The official student newspaper of Lower Merion High School since 1929

The Merionite

The official student newspaper of Lower Merion High School since 1929

The Merionite

The official student newspaper of Lower Merion High School since 1929

The Merionite

Why we need free lunch

Steingard discusses the academic, physical, and mental benefits of free lunch.

Access to books, transportation, water, food—all are necessary for students to learn in school. American schools try to provide these items to students for free, except for one crucial omission. Students across America are required to pay for school lunch. In fact, every child must pay to eat unless they are in severe financial need (130% below the federal poverty line). This seems fair at first; why should financially stable students have access to free lunch? However, the current system creates an unfair stigma against students who receive free lunches. Moreover, free lunches provide benefits to students of all socio-economic backgrounds. To ensure a high quality of life and education for every American student, we must make universal free lunch a reality.

Students across the country have described the shame and humiliation they receive for eating a free lunch. There are many examples of the way our lunch system has forced kids to stick out for eating free, such as having to explain their situation at lunch checkout or carrying around a pass, according to Mother Jones. Free lunch is seen to many students as an embarrassing form of welfare. Some students would rather not eat at all than be seen with a free lunch. But after all, humans need to eat. Making school lunch free for all students would reduce this stigma. If everybody is a “free lunch kid,” nobody is.

Second of all, the physical and academic benefits of free lunch are clear. According to the No Kid Hungry foundation, hungry children typically have less energy and ability to focus. With energy provided by free, nourishing food, every student can remain engaged in their learning. The United States can pour as much money as we want into the best teachers and resources, but kids will not learn if they are hungry.The physical benefits of healthy food are also apparent. School lunches are required to have a minimum nutritional value, including aspects such as whole grains and antioxidants. The risks of obesity, heart disease, cardio-vascular disorders and other health issues shrink when eating a healthy diet. When every student is provided with a free lunch, they will reap the benefits of healthy eating in and out of school.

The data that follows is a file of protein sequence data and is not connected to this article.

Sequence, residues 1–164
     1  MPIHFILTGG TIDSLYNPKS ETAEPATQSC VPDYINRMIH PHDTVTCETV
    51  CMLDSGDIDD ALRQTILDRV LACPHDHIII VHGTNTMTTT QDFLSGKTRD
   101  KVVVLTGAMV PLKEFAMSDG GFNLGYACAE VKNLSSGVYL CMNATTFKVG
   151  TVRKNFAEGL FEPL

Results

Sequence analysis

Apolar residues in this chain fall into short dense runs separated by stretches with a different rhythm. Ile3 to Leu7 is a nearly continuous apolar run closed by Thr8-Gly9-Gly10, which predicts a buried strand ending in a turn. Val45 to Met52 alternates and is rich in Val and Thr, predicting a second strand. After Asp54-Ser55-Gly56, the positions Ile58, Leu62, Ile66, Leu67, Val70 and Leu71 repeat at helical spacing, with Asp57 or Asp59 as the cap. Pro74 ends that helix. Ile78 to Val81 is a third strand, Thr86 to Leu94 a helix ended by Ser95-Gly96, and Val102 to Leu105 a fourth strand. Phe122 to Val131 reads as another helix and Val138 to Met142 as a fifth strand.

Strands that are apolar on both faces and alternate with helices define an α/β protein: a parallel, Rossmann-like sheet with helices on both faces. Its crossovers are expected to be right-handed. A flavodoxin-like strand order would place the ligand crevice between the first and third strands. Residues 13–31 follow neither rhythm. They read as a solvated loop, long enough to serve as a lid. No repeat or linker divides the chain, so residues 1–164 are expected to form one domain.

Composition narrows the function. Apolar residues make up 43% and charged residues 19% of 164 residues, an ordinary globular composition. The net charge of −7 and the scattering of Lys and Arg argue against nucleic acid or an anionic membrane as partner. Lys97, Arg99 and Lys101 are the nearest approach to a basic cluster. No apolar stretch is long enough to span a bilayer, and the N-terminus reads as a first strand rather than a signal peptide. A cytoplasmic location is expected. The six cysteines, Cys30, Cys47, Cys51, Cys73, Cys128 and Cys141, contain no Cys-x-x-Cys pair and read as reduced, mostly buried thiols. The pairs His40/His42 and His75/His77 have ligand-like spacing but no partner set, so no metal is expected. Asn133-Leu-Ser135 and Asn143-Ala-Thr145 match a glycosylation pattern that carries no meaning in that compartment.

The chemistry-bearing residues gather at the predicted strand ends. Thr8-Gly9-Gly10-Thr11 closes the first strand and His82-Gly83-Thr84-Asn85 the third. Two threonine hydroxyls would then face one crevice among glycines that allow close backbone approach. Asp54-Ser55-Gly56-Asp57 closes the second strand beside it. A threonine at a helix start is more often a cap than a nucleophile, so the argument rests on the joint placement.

Feeding kids seems like a pursuit that most people could get behind. But there are some opponents of this idea. Mainly, feeding every child simply seems too expensive. Why waste money on feeding kids who can afford lunch, anyway? However, this idea has many fundamental flaws. As addressed earlier, only feeding the neediest results in a brutal stigma. But more than that, free lunches actually can benefit the economy, helping both the government and citizens flourish. Students who have access to free lunch “increase their lifetime income by 3 percent,” according to a study from Lund University in Sweden. Even more convincing, the Rockefeller Food Initiative estimates that for “every dollar our country spends on school food, we receive more than two dollars back.” This shows the magnitude of help free lunch could provide the nation’s economic state, all while helping its children. There are also medical savings that free lunch could bring to the US, as children who eat healthy foods are less likely to need medical help. Lastly, the government also was able to provide universal free lunches. During the Covid-19 pandemic, every child had access to free lunch, according to CNBC. This came at no additional state or local taxes. 

A universal free lunch bill must be passed by the federal government. Legislators from all over the country have already planned measures that attempt to keep free lunches away from children. The Republican Study Committee, of which ¾ House Republicans are a part of, recently published a budget that attempted to restrict lunches to only extremely poor students, and eliminate community free lunch programs. As proven earlier, every child, no matter their socio-economic status would clearly benefit from a free lunch. Because individual states may shy away from this life changing act, universal free lunch must come from the federal level. According to Feeding America, all 50 states are home to food insecure children. No matter the state line, every student should have access to food. 

Overall, there is no valid reason that a student in America should have to pay for lunch. Every student should have the right to a meal that keeps them fueled through the school day. Universal free lunch will help America’s children academically, physically and mentally. What are we waiting for?

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